New York (AP) – Gene Wilder, the frizzy-haired actor who brought his deft comedic touch to such unforgettable roles as the neurotic accountant in “The Producers” and the mad scientist of “Young Frankenstein,” died last Sunday. He was 83.
Wilder’s nephew said that the actor and writer died at his home in Stamford, Connecticut, of complications from Alzheimer’s disease. Jordan Walker-Pearlman said that Wilder was diagnosed with the disease three years ago, but kept the condition private so as not to disappoint fans.
Wilder started his acting career on the stage, but millions knew him from his work in the movies, especially his collaborations with Mel Brooks on “The Producers,” ‘’Blazing Saddles” and “Young Frankenstein.” The last film — with Wilder playing a California-born descendant of the mad scientist, insisting that his name is pronounced “Frahn-ken-SHTEEN” — was co-written by Brooks and Wilder and earned the pair an Oscar nomination for adapted screenplay.
“Gene Wilder, one of the truly great talents of our time, is gone,” Brooks wrote in a statement. “He blessed every film we did together with his special magic and he blessed my life with his friendship. He will be so missed.”
With his unkempt hair and big, buggy eyes, Wilder was a master at playing panicked characters caught up in schemes that only a madman such as Brooks could devise, whether reviving a monster in “Young Frankenstein” or bilking Broadway in “The Producers.” Brooks would call him “God’s perfect prey, the victim in all of us.”
But he also knew how to keep it cool as the boozing gunslinger in “Blazing Saddles” or the charming candy man in the children’s favorite “Willy Wonka and the Chocolate Factory.” His craziest role: the therapist having an affair with a sheep in Woody Allen’s “Everything You Wanted to Know About Sex.”
Tweeted Jim Carrey: “Gene Wilder was one of the funniest and sweetest energies ever to take a human form. If there’s a heaven he has a Golden Ticket.”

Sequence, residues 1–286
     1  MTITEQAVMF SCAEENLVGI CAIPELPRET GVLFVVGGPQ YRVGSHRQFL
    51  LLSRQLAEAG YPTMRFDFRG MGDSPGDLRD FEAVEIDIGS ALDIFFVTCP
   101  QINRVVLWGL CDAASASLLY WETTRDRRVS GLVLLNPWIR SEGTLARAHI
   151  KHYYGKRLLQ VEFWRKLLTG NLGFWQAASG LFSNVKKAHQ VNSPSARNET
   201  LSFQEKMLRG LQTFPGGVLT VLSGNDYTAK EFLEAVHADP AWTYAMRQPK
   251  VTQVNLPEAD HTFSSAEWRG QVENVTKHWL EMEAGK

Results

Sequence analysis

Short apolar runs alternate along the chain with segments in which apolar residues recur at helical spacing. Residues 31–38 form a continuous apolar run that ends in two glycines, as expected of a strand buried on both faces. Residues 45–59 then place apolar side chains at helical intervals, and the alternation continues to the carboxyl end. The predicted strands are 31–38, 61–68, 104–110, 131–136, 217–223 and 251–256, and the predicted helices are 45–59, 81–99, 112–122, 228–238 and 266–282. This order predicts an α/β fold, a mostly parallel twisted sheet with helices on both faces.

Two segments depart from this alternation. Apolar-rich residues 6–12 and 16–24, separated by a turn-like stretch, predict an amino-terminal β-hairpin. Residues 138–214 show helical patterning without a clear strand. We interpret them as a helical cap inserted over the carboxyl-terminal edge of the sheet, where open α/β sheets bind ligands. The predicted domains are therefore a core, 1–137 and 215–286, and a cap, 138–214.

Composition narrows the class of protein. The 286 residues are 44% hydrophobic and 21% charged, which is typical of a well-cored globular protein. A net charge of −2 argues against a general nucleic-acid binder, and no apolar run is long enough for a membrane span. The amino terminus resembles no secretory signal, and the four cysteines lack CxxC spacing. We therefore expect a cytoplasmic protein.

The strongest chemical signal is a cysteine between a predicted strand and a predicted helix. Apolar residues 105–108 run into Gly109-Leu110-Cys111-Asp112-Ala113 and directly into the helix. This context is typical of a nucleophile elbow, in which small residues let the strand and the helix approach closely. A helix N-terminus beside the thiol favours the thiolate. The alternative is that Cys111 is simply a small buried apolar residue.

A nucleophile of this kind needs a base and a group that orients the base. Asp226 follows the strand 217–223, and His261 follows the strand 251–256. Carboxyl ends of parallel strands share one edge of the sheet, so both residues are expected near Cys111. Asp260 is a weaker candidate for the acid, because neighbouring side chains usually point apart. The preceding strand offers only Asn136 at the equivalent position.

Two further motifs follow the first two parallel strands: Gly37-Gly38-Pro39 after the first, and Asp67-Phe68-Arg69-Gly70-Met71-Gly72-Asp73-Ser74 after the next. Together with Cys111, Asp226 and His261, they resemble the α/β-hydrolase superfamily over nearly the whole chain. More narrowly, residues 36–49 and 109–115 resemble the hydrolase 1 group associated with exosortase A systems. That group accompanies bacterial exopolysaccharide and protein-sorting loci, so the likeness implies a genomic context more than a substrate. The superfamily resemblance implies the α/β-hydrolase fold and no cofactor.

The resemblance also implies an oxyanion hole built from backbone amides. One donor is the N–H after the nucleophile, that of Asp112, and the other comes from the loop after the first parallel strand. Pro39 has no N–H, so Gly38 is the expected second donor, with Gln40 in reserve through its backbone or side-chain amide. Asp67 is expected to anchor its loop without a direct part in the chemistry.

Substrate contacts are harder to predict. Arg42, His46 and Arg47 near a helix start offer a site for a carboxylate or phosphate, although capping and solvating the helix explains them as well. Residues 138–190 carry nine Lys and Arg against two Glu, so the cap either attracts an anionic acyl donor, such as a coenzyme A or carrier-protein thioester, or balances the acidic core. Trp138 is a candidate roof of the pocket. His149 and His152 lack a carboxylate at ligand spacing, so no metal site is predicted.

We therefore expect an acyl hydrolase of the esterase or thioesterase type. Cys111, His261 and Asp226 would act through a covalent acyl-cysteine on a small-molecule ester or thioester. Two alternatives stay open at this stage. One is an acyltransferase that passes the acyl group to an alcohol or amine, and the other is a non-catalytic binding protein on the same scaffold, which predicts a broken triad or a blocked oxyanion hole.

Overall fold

Wilder was close friends with Richard Pryor and their contrasting personas — Wilder uptight, Pryor loose — were ideal for comedy. They co-starred in four films: “Silver Streak,” ‘’Stir Crazy,” ‘’See No Evil, Hear No Evil” and “Another You.” And they created several memorable scenes, particularly when Pryor provided Wilder with directions on how to “act black” as they tried to avoid police in “Silver Streak.”
Wilder wrote several screenplays and directed five features, including “The Woman in Red” and “Haunted Honeymoon,” in which he co-starred with his third wife, Gilda Radner. The two met while making the 1982 film “Hanky-Panky” and married in 1984.
After Radner died of ovarian cancer in 1989, Wilder spent much of his time after promoting cancer research and opened a support facility for cancer patients. In 1991, he testified before Congress about the need for increased testing for cancer.
That same year, he appeared in his final film role: “Another You” with Pryor.
Wilder worked mostly in television in recent years, including appearances on “Will & Grace” — one of which earned him an Emmy Award for outstanding guest actor — and a starring role in the short-lived sitcom “Something Wilder.” In 2015, he was among the voices in the animated “The Yo Gabba Gabba! Movie 2.”
Wilder is survived by his wife, Karen, whom he married in 1991, and his daughter from a previous marriage, Katherine, from whom he was estranged.